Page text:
Jim Clifton, who coaches the junior high and high school AYSSP teams in Corning, perennial contenders for AYSSP titles each spring, and who oversees the Black River Trap and Skeet Club, said, “We took 15 (to Sparta). We all shoot at the trap club at Black River. Every kid that I have who shoots also shoots in AYSSP or did before graduating high school. I took them up to 21 years old – my youngest was 11 and we went up to 21 with the team this year.”

With one female and 14 male shooters on the Black River club team that traveled to Sparta, Clifton said, they went by the team name “Beauty and the Beasts.” The Pre-Sub  Beauty and the Beasts team was third in the division, and team members were Eli Wright, Jagger George, Jackson Jett, Bailey Catt and Christopher Scrogins.

Jimmy Self, the AYSSP coordinator for the AGFC, attended the event, saying, “We just mainly go to support our Arkansas competitors. We’re just wanting to teach them all how to do it and create more recreational shooters and show them there is a lot of shooting beyond AYSSP. They are competing against the best shooters in world trap shooting.”

Joey Glaub, program coordinator for year-old, city-owned Jonesboro Shooting Sports Complex, took shooters from the Jonesboro area – Valley View, Nettleton and other surrounding towns – to Sparta.

“There were some others from across the state,” Glaub, who has coached the Jonesboro Trap Team for 10 years, said. “(Northeast Arkansas was) probably a little more well represented as far as numbers from Arkansas.

He said Sparta, with a population of a little more than 3,000, at least doubled and maybe quadrupled in size with all the entries, the parents and other supporters for the AIM championships from July 29-Aug. 13. He likes to bring youths, and parents, to the massive facility and enjoy their reactions to seeing it for the first time.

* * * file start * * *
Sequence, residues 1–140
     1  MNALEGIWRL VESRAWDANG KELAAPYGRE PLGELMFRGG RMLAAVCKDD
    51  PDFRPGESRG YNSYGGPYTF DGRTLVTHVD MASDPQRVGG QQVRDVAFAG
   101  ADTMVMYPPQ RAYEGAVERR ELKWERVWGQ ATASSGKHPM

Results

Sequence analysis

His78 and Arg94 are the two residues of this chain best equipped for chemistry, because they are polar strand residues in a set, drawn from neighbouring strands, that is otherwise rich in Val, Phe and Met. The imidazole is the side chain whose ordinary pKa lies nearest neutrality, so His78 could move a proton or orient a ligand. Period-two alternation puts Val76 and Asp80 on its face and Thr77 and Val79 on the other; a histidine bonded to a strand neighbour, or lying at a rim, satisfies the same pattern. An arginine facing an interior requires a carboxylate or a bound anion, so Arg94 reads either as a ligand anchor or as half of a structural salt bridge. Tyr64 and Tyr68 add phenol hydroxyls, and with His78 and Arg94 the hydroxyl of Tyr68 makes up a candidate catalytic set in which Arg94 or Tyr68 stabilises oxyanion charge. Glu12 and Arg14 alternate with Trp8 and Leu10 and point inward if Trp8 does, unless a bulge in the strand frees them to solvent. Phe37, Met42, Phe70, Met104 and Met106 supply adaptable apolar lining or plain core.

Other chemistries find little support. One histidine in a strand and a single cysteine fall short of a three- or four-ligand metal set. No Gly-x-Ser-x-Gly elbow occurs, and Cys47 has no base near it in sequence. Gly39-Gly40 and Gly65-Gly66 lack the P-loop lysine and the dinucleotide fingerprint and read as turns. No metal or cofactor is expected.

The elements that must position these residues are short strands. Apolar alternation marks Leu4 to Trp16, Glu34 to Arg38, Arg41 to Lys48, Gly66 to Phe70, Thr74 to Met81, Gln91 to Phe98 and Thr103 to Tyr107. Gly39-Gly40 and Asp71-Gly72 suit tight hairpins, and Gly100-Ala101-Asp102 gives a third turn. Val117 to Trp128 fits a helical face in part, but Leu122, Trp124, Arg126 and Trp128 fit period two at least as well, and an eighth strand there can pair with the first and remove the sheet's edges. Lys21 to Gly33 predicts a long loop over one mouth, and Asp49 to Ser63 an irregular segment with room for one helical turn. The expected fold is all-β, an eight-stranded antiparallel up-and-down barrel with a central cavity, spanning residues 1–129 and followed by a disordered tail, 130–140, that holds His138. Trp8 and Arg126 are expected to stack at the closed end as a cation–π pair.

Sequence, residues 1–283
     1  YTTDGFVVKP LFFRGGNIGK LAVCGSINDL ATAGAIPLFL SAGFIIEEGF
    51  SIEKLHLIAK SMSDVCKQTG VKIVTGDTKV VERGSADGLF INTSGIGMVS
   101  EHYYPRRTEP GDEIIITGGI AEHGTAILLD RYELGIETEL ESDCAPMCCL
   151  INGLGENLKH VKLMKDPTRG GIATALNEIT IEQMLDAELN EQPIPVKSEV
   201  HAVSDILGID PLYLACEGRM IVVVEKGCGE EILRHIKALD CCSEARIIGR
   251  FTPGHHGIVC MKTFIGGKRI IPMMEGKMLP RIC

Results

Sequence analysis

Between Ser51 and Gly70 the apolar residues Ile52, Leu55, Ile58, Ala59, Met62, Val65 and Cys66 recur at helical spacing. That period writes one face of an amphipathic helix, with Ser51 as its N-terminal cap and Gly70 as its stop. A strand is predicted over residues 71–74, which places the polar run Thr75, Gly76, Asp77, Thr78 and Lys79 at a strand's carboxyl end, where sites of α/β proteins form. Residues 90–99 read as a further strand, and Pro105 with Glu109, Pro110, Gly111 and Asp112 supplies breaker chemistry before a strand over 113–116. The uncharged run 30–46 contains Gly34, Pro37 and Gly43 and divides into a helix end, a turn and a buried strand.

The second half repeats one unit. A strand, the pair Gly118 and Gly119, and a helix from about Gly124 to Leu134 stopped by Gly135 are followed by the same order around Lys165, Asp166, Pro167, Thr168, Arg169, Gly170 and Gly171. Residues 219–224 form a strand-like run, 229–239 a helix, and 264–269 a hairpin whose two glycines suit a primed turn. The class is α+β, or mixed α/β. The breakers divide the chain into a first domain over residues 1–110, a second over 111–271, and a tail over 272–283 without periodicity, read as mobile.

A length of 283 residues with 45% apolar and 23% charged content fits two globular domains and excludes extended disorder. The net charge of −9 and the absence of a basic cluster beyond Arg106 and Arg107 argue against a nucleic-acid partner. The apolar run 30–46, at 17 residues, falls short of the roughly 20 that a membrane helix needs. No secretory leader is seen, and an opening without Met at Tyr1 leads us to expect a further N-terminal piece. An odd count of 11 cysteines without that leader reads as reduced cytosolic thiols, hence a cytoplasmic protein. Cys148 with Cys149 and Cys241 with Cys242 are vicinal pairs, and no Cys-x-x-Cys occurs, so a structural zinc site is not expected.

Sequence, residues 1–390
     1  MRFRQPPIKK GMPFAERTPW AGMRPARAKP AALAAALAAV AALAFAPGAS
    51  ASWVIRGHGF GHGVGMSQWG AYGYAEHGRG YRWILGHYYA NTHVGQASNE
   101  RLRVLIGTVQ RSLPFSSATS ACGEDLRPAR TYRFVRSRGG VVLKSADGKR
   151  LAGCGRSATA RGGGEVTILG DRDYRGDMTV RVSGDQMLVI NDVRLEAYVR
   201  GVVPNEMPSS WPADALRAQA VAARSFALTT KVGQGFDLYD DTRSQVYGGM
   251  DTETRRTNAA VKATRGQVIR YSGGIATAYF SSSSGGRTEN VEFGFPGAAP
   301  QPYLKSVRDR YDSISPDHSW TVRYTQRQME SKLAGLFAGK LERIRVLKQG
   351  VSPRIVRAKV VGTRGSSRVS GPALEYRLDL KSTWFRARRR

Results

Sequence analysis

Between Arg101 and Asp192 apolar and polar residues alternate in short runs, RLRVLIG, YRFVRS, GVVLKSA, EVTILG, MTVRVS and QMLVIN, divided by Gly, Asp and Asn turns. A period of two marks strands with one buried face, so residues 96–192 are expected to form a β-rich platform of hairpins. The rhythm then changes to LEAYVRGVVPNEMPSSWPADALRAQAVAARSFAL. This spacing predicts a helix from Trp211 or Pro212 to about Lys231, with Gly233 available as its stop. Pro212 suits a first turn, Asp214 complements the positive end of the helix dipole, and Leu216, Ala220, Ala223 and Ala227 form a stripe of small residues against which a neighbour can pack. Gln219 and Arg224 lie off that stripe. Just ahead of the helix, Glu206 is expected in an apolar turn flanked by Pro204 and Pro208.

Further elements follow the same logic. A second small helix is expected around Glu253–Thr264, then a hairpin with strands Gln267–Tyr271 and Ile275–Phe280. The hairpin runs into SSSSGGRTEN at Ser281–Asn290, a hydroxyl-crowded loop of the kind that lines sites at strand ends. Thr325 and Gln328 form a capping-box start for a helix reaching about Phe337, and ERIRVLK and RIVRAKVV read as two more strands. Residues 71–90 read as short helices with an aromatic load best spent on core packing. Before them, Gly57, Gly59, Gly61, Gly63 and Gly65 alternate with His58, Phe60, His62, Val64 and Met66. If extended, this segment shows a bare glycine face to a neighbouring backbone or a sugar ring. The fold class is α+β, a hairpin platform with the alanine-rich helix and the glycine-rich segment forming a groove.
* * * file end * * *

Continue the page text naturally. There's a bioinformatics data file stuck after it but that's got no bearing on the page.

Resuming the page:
“This was our most successful trip that I’ve been involved in, tying for first,” he said, dating his first trip to 2016 when his son was old enough to compete. “We had finished second and third in our age group in prior visits but never tying for first,” he said. “I was very happy. Two out of the three squads brought home trophies. And not only did they bring home trophies, my Junior Gold squad was second overall and Pre-Sub won overall. 

“The coolest part of that was, in Junior AA the first, second and third places were from right here in NEA. Most of those kids started shooting and competing in AYSSP, which I believe gives them the edge when we continue the season through the summer and go to the AIM Grand.”

Black River’s Clifton, who has taken teams to the AIM championships every year since 2014, said, “AYSSP is a great starter program. If it wasn’t for it, the kids wouldn’t be shooting. My daughter (Katie Clifton), this is the first year she hasn’t gone to Sparta since 2014, she couldn’t fit it into her schedule. She’s a pre-vet major at Mississippi State and works very hard to keep her grades up to stay in the program, so she couldn’t go. But while she was shooting, she received around $12,500 in scholarships for trap-shooting.” 

Katie Clifton was the 2020 valedictorian at Corning and also participated in basketball and tennis as well as trap shooting with ASSYP.

“We’ve had a good turnout of shooters (in the northeast region) and we’ve been very happy with that, been very pleased,” Jim Clifton added. “It doesn’t happen without putting the effort into it. We try to put the time into it to make it happen. Here it is, this time of year, and we’re working on the trap season. We never stop what we’re doing. And what I think they get is, it makes them a better person. It instills teamwork and it makes them be accountable to their friends … To me it builds character within them. As a general rule, the trap shooters are a good group of people. We don’t worry about them getting into trouble, stuff like that.”